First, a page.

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Barite | Level 11

If I start a SAS Workspace object, I can name it:


var ws = new SAS.Workspace{Name = "SASWS_0"};


Then, if I need to search through the processes running on the machine, I can find all instances of SAS using the following:


var sasProcs = Process.GetProcessesByName("sas");


If sasProcs has 10 entries, how can I get the one associated with the ws object? Currently, I need to check the process MainWindowHandle to check if it is a 0 to find the workspace but I don't think that is the best way to handle it (pun intended).

Accepted Solutions
Pyrite | Level 9

Hi Alan,

i would query the workspace for the automatic macro variable "SYSJOBID". This is the process id of your SAS process. With the PID it is easy to find that process in your operating system.

Best Regards


View solution in original post

Pyrite | Level 9

Hi Alan,

i would query the workspace for the automatic macro variable "SYSJOBID". This is the process id of your SAS process. With the PID it is easy to find that process in your operating system.

Best Regards


Barite | Level 11

Thanks Andreas. When I start the Workspace, how do I know what PID it is running under? If I have the process Windows, how do I get to the Workspace object? Either one should allow the meeting of the 2 but I am missing something here. I may have it in some old code but have not searched through everything.
Barite | Level 11
Ahh, never miind, I see what you are saying. Let me get back.
Barite | Level 11

There is probably a better way but this worked. I wrote an extension method in case it is needed:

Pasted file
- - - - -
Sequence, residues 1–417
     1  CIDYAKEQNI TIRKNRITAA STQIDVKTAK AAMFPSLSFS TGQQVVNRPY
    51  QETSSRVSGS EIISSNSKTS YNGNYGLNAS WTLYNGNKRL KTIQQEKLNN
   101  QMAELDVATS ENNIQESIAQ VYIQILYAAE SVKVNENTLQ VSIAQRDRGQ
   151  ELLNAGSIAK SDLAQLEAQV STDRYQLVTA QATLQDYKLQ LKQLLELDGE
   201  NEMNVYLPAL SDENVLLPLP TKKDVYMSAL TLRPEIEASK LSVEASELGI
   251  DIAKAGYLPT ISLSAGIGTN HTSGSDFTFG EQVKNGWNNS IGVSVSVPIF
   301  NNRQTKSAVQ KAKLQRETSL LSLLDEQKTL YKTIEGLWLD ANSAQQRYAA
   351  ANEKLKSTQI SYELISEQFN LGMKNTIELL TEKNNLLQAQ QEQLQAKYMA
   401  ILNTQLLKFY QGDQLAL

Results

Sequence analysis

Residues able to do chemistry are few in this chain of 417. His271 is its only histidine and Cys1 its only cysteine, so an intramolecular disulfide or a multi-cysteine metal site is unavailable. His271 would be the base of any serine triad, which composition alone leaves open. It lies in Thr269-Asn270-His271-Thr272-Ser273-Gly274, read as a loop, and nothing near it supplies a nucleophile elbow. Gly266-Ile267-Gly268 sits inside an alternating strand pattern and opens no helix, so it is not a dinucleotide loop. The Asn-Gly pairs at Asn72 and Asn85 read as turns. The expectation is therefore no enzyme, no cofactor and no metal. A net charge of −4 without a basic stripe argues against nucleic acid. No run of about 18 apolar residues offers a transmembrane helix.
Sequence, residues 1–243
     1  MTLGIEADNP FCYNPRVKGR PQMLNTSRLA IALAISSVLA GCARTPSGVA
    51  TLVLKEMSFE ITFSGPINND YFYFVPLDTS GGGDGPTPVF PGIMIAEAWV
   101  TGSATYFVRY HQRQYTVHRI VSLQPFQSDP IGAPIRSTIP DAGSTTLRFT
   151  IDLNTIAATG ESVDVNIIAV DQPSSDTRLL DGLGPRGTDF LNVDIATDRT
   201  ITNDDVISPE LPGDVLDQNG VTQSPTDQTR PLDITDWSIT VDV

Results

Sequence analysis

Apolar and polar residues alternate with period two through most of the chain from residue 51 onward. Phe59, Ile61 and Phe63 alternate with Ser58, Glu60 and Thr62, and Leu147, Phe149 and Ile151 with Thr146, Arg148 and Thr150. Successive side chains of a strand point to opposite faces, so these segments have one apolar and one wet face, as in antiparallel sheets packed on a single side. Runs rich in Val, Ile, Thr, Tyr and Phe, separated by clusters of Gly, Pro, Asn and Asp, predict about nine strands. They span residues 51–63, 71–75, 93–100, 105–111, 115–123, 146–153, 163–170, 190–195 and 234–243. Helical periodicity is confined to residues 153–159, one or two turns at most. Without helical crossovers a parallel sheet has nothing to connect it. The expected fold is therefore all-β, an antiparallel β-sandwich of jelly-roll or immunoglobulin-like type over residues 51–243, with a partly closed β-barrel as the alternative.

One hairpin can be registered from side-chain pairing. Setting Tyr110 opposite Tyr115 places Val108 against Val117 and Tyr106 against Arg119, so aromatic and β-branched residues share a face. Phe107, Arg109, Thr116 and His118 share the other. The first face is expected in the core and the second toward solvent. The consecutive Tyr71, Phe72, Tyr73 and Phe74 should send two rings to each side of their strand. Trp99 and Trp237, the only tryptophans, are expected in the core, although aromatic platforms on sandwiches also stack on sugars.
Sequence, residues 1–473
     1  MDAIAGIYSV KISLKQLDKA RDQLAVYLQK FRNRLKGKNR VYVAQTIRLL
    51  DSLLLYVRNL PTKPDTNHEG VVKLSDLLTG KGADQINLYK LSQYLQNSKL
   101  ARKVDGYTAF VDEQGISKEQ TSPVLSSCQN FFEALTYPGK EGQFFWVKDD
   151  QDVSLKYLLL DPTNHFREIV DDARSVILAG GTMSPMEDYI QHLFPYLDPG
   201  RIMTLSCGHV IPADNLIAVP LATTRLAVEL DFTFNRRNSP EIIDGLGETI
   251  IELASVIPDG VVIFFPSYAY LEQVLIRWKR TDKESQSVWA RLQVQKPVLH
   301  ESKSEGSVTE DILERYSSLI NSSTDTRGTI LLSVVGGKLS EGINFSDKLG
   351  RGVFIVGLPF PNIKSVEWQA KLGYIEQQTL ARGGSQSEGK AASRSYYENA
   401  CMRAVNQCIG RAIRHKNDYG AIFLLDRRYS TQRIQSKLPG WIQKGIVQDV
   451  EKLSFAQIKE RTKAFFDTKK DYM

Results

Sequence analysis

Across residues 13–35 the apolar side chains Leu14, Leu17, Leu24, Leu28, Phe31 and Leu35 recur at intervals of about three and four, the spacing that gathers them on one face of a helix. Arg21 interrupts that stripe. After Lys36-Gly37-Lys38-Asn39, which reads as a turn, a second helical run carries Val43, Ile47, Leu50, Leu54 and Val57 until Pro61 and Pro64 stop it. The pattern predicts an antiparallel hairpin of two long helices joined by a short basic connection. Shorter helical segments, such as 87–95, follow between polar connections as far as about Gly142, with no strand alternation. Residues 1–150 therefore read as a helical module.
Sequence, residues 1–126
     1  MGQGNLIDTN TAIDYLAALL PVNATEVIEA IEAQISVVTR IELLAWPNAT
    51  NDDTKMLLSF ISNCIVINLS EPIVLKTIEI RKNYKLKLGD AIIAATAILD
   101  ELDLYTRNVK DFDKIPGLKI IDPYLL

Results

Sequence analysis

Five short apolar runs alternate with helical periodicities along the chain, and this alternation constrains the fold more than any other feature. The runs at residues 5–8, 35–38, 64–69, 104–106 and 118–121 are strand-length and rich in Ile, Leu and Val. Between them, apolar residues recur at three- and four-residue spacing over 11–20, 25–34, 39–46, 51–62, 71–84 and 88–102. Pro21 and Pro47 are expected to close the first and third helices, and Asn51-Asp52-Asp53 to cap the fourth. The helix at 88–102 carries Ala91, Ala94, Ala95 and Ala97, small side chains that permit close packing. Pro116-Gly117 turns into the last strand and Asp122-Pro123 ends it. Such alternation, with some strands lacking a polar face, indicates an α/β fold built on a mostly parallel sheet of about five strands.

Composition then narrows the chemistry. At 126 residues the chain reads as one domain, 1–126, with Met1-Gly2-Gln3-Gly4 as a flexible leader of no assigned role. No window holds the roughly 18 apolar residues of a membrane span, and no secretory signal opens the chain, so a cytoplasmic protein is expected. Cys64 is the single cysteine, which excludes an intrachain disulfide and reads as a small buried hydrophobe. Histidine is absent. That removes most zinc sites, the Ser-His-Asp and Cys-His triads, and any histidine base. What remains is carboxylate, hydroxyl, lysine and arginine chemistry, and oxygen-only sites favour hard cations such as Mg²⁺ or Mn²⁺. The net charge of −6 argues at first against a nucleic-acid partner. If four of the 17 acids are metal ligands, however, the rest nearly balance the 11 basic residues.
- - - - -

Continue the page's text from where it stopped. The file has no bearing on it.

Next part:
public static Dictionary<string, string> GetAutoVars(this Workspace ws)
                var lang = ws.LanguageService;
                lang.LineSeparator = "\r\n";
                var code = string.Join(Environment.NewLine, "OPTIONS PAGESIZE=MAX; %PUT --BEGIN--; %PUT _ALL_; %PUT --END--;");

                #pragma warning disable CS0219
                const LanguageServiceCarriageControl cc = new LanguageServiceCarriageControl();
                const LanguageServiceLineType lt = new LanguageServiceLineType();
                #pragma warning restore CS0219

                lang.FlushLogLines(100, out Array carriage, out Array lineTypes, out Array lines);
                var lineList = lines.OfType<string>().ToList();
                var start = lineList.IndexOf("--BEGIN--");
                var finish = lineList.IndexOf("--END--");
                var recs = lineList.Skip(start + 1).Take(finish - start - 1).Select(p => p.Replace("AUTOMATIC", string.Empty).Trim().Split(' ', 2)).ToList();
                var autoVars = recs.ToDictionary(p => p[0].ToString(), p => p.Length == 2 ? p[1]?.ToString() : null);
                return autoVars;
            catch (Exception ex)
                throw ex;
Pyrite | Level 9

Hi Alan, i guess you also query your SAS Workspace for data. With the SAS OleDB Driver it is just a simple SQL-query against the SAS internal dictionary tables (also available in the SASHELP Library):

select name, value from dictionary.macros;


select name, value from sashelp.vmacro;
Community Manager

There is another way to get this without submitting code or querying for macro variables.


The process ID is among the values available from IHostSystem, which you can get to from IUtilities, which you can get from the Workspace.


// -- given a SASWorkspace ws
//----- get utilities interface
IUtilities iUtil=ws.Utilities;

//----- get HostSystem interface
IHostSystem iHostSystem=iUtil.HostSystem;

//----- get SAS version, process ID, and other info - in softwareInfo array
Array softwareInfo, hardwareInfo;
iHostSystem.GetInfo(out softwareInfo, out hardwareInfo);

Some secrets for decoding are in Peter Eberhardt's paper.


This would probably perform faster...even if it's a little convoluted.

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